Over the past 20 years, ketamine has demonstrated powerful antidepressant effects and benefits for other mental health conditions. What was once used as a sedative on the battlefield has become an invaluable resource for various physical and mental issues, known for its transformative power and speedy results.
Traditional medications like antidepressants can take months to start working. Ketamine therapy, on the other hand, offers patients relief quickly, with some individuals reporting relief within a few hours of their first infusion session.
Ketamine interacts with multiple aspects of our psychology and physiology. While there is still much to be understood about how ketamine works, research indicates the following factors play an enormous role in ketamine’s healing process.
Brain Regions and Chemicals to Know
A prominent neurotransmitter in the brain. Glutamate is now strongly associated with mood disorders. It is partly responsible for memory, learning, and mood regulation.
While this glutamate receptor and ion channel has many different roles, researchers have implicated it in mental health issues. Overactive NMDArs are associated with heightened depression and general distress.
This receptor is suspected to be primarily responsible for instigating neural plasticity in excitatory transmission. It is a key region of stimulation regarding ketamine’s healing properties.
Brain-derived neurotrophic factor signals new neural growth in the brain and is released when glutamate stimulates the AMPA receptor.
The mammalian target of rapamycin complex 1 (mTOR) is a signaling pathway that regulates new neural growth. Its stimulation is associated with the effects of BDNF.
The lateral habenula is a brain region largely responsible for our interpreting and predicting negative consequences. Those with depression and anxiety show an overactivity of burst firing in the lateral habenula.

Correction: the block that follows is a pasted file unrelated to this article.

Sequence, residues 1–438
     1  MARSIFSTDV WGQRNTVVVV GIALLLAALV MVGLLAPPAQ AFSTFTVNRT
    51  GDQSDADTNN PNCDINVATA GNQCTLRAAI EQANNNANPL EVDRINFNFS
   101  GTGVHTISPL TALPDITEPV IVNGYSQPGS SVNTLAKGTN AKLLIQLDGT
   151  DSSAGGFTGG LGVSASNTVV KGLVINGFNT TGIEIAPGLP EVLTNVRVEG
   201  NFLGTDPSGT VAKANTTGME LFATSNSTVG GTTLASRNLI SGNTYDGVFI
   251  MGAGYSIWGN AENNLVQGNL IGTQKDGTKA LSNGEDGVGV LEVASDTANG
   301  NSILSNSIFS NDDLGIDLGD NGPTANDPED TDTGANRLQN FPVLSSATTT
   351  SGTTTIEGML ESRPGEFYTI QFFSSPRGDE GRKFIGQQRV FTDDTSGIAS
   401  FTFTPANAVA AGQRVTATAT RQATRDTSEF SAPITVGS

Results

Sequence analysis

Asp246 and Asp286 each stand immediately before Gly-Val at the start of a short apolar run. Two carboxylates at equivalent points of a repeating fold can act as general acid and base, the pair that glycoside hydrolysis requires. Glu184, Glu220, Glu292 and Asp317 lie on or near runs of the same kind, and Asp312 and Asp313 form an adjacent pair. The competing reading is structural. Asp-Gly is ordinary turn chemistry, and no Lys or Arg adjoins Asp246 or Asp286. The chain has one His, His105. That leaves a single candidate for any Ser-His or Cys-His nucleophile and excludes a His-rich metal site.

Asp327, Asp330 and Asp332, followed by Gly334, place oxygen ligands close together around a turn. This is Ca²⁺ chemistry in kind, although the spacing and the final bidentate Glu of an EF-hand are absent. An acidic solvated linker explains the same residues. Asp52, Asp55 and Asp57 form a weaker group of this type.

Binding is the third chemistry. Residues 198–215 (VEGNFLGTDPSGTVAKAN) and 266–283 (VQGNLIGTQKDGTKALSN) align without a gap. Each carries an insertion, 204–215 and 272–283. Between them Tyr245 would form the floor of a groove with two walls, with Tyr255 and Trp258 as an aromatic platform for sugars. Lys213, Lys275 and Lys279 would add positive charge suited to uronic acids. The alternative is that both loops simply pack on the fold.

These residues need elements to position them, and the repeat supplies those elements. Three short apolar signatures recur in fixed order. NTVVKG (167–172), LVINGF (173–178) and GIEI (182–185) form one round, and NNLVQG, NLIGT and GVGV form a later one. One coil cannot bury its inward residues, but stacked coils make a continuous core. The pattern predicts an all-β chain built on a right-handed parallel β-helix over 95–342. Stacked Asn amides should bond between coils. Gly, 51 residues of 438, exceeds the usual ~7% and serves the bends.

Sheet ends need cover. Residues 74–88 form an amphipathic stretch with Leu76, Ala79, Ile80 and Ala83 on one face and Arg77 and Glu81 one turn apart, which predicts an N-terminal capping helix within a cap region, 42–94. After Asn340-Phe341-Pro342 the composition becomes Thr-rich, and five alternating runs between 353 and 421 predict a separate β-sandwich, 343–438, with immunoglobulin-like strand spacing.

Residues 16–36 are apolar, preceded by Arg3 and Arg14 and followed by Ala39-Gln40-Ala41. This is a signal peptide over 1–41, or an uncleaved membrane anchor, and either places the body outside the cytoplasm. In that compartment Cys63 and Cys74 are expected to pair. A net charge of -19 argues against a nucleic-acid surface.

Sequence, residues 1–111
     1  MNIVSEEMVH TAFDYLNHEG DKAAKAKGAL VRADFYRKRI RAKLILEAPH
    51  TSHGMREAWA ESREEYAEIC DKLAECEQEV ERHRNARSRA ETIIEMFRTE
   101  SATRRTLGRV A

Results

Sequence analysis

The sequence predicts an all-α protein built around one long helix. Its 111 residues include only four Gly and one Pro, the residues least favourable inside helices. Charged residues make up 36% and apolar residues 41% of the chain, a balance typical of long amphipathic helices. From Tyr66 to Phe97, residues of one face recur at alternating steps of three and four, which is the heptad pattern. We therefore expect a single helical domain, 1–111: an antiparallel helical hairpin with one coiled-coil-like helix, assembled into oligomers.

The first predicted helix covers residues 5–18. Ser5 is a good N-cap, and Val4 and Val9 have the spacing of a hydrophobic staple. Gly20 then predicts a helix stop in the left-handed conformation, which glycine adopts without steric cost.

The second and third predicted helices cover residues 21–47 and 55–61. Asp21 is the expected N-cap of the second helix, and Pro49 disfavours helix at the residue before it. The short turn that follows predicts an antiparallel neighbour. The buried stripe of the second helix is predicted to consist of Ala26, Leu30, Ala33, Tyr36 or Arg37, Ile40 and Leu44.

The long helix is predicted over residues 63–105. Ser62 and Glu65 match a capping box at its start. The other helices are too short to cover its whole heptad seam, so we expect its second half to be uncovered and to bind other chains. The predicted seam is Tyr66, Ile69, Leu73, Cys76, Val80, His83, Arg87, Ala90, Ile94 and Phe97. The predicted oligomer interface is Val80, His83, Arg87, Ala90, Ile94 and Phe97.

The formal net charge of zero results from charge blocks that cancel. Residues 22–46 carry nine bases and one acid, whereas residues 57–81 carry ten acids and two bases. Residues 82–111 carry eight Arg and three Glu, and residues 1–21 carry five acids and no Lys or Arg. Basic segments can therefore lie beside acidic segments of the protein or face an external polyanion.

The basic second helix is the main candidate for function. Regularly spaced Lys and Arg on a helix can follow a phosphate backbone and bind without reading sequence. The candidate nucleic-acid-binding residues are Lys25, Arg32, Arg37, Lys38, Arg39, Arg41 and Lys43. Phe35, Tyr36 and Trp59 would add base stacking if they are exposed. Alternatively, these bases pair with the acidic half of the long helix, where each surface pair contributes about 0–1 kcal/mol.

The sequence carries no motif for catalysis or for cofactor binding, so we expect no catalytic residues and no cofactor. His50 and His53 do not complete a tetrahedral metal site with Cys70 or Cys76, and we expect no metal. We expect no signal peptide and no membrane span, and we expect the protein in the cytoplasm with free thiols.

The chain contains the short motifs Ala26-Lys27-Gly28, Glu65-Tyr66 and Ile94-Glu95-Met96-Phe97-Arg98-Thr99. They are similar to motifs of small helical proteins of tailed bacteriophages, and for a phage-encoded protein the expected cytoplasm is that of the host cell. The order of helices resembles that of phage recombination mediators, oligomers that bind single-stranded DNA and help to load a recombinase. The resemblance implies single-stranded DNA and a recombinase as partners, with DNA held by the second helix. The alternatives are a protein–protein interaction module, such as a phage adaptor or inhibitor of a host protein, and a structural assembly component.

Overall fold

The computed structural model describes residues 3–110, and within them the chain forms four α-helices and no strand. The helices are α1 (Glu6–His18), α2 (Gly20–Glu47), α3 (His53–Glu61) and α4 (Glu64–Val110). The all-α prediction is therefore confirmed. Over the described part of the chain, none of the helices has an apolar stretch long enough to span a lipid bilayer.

As a non-competitive NMDA antagonist, ketamine prevents glutamate from activating the NMDA receptor. Recent evidence points to ketamine’s inhibitory effects on the NMDA receptor in the lateral habenula. The lateral habenula is a brain region largely responsible for encoding negative or anti-reward cause-and-effect relationships. Those with depression and anxiety show an overactivity of burst firing in the lateral habenula.
The inhibition of the NMDA receptor may cause a build-up of free glutamate, which then activates the AMPA receptors. Heightened AMPA receptor activity is associated with the release of brain-derived neurotrophic factor, a chemical largely responsible for new neural growth. This new growth may reroute the brain from hyperactive areas associated with negative reward signals, thereby providing long-term relief from mental health conditions.
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Verify no eating in prior 2 hrs + no liquids in prior 30 min
Set Up & Medicine Administration (20 Min)
Get settled in treatment room
Review Plan for the Session, Q&A
Intention Setting / Re-presencing
Get Comfortable, Apply Eye Shades & Start Curated Music
Infusion starts and continues for 40 minutes
10-30 min + sitting, talking with infusion nurse, or listening to music, journaling or meditating
Herbal Tea, Water Available
No Driving or Operating Heavy Machinery
Medically cleared prior to departure